Full-text available
Background: Despite the popularity of peripherally inserted central catheters (PICCs), recent literature highlights their potential injurious complications. Innovative PICC materials have been developed to prevent thrombosis and infection formation (Endexo®) and antireflux valves to prevent occlusion (pressure-activated safety valve®). No large ra...
Article
Purpose: To evaluate feasibility of an efficacy trial comparing peripherally inserted central catheter (PICC) dressing and securement techniques to prevent complications and failure. Materials and methods: This pilot, 3-armed, randomized controlled trial was undertaken at Royal Children's Hospital and Lady Cilento Children's Hospital, Brisbane,...
Article
Full-text available
Background Central venous access device (CVAD) associated complications are a preventable source of patient harm, frequently resulting in morbidity and delays to vital treatment. Dressing and securement products are used to prevent infectious and mechanical complications, however current complication rates suggest customary practices are inadequate...
Article
Central venous access devices (CVADs) form an important component of modern paediatric healthcare, especially for children with chronic health conditions such as cancer or gastrointestinal disorders. However device failure and complications rates are high. Over 2½ years, a child requiring parenteral nutrition and associated vascular access dependen...
Article
Introduction Around 30% of peripherally inserted central catheters (PICCs) fail from vascular, infectious or mechanical complications. Patients with cancer are at highest risk, and this increases morbidity, mortality and costs. Effective PICC dressing and securement may prevent PICC failure; however, no large randomised controlled trial (RCT) has c...
Article
Nurses insert and care for more than two billion intravascular (IV) devices globally each year. A wound is created for each IV insertion, and the wound cannot heal while the IV remains.
Article
Aim: To identify the prevalence, management and complications associated with central venous access devices (CVADs) within Australian paediatric facilities, providing a map for clinicians, researchers and managers to focus solutions. Methods: A point prevalence audit and survey of CVAD practices in Australian tertiary paediatric hospitals between S...
Article
Full-text available
Introduction Paediatric central venous access devices (CVADs) are associated with a 25% incidence of failure. Securement and dressing are strategies used to reduce failure and complication; however, innovative technologies have not been evaluated for their effectiveness across device types. The primary aim of this research is to evaluate the feasib...
Article
Full-text available
Introduction:Central venous access devices (CVADs) provide essential and reliable vascular access, but infection is a common and serious complication with paediatric patients. CVAD bundles have been demonstrated to effectively reduce central line-associated bloodstream infections (CLABSI), but primarily during CVAD insertion. Another emerging strat...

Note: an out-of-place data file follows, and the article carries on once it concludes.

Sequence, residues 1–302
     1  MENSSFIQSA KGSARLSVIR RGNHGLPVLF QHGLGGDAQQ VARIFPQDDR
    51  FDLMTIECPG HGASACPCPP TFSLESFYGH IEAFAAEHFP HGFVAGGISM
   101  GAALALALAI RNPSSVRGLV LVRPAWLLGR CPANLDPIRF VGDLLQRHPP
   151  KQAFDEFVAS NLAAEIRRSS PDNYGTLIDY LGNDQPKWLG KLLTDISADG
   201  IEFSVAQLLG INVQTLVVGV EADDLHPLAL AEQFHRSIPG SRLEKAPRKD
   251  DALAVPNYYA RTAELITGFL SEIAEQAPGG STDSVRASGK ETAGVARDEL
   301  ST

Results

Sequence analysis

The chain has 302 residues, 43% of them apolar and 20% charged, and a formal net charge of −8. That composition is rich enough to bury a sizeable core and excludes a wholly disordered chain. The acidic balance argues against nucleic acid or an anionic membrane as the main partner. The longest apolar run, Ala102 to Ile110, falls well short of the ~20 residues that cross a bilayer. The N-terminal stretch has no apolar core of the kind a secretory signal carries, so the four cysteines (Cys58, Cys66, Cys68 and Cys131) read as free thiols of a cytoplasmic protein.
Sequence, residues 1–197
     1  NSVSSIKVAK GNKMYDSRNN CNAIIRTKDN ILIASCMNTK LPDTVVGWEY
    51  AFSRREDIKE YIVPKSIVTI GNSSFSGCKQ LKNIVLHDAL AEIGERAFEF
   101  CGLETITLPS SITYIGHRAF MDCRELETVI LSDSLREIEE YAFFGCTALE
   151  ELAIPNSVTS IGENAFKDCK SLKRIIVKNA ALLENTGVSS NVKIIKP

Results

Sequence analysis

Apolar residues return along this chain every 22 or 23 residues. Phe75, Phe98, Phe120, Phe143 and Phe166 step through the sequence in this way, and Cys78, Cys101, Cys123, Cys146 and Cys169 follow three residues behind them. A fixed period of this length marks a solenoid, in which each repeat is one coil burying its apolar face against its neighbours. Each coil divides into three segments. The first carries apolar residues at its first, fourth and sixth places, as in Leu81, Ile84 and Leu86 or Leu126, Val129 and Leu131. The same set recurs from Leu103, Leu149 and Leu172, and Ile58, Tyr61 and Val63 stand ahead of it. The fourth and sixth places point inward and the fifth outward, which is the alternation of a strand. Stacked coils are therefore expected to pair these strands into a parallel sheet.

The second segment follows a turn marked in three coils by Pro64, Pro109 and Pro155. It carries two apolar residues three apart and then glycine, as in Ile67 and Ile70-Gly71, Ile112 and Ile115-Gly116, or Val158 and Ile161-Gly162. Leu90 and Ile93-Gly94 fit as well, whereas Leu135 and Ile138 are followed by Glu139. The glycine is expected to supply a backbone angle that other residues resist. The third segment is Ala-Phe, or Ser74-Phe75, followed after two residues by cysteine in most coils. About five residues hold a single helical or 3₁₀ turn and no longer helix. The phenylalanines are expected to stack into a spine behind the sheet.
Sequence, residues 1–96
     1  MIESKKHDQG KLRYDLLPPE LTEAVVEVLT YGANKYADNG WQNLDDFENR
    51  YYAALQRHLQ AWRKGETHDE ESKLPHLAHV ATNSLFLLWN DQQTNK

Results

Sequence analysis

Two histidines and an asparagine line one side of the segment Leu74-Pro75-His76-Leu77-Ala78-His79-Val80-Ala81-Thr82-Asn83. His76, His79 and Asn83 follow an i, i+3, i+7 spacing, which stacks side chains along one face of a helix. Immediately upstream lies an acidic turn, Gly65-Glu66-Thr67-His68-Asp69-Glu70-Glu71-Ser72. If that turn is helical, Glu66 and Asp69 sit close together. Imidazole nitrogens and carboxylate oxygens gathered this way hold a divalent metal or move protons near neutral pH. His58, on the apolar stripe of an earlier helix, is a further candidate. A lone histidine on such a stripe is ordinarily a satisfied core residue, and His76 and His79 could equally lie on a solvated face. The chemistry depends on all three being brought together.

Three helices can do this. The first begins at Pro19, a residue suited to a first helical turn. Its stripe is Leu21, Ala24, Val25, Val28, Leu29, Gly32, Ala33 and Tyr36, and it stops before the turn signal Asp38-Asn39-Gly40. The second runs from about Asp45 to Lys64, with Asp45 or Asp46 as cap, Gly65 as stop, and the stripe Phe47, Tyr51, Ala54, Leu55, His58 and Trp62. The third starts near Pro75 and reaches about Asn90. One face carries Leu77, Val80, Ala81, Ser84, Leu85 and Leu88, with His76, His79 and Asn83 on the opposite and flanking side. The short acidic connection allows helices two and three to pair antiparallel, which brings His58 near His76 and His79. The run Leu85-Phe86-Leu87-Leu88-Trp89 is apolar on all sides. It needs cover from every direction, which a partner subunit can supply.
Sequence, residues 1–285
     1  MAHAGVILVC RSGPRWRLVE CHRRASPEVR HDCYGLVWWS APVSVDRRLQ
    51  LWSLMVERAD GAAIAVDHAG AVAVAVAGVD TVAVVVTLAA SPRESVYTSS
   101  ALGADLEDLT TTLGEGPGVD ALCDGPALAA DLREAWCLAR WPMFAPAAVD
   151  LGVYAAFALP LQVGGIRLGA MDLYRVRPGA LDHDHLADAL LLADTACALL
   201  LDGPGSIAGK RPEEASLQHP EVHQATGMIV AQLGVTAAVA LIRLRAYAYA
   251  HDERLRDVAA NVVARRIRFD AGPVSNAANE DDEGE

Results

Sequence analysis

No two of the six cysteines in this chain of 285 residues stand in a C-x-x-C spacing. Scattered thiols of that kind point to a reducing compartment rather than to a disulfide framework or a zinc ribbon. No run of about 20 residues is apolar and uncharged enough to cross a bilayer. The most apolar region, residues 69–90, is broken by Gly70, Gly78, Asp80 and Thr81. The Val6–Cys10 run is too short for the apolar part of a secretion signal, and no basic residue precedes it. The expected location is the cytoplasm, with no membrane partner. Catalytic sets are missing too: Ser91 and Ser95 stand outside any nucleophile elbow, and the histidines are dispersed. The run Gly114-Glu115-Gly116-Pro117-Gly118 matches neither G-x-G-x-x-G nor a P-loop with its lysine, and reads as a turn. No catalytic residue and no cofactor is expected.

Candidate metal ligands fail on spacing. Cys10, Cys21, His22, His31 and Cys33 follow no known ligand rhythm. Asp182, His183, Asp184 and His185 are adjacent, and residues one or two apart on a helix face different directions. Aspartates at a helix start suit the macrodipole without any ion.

Article
Full-text available
Complications and failure of intravascular devices place significant burden on nursing workloads, patient outcomes and the health care system. The development and implementation of evidence to improve clinical practice surrounding the insertion and management of intravascular devices is an ongoing challenge to which nurse practitioners (NPs) in vas...
Article
Objective Children admitted to hospital commonly require peripheral intravenous catheters (PIVCs) for treatment. This study sought to address a gap in the literature about current practice in the securement and dressing of PIVCs in paediatric acute care, and to ascertain the duration and failure of these devices.MethodsA prospective cohort study co...
Article
Many of the risks associated with central venous access are well recognized. We report a case of inadvertent lymphatic disruption during the insertion of a tunneled central venous catheter in a patient with raised left and right atrial pressures and severe pulmonary hypertension, which led to significant hemodynamic instability. To our knowledge, t...
Conference Paper
PURPOSE To evaluate the technical success and complications of placement of central venous port devices by a pediatric interventional radiology team. METHOD AND MATERIALS This is a prospective study of procedures performed between October 1999 and March 2005. A suitable vein was punctured using sonographic guidance and fluoroscopy was used to inse...
Article
Static electricity within sterile packaging may result in bacterial contamination of central venous catheters (CVCs) prior to insertion. To prevent this, some surgeons inject saline into the pack before opening it. This trial was designed to determine the effect of this procedure. A double blind randomised controlled trial of 47 CVCs comparing inje...
Article
Image-guided central venous access is forming an increasingly large proportion of the workload in interventional radiology following recognition that such techniques are less invasive and often quicker than traditional surgical techniques, with clear benefit in subjects with multiple previous attempts at venous access. Venous access sites are gener...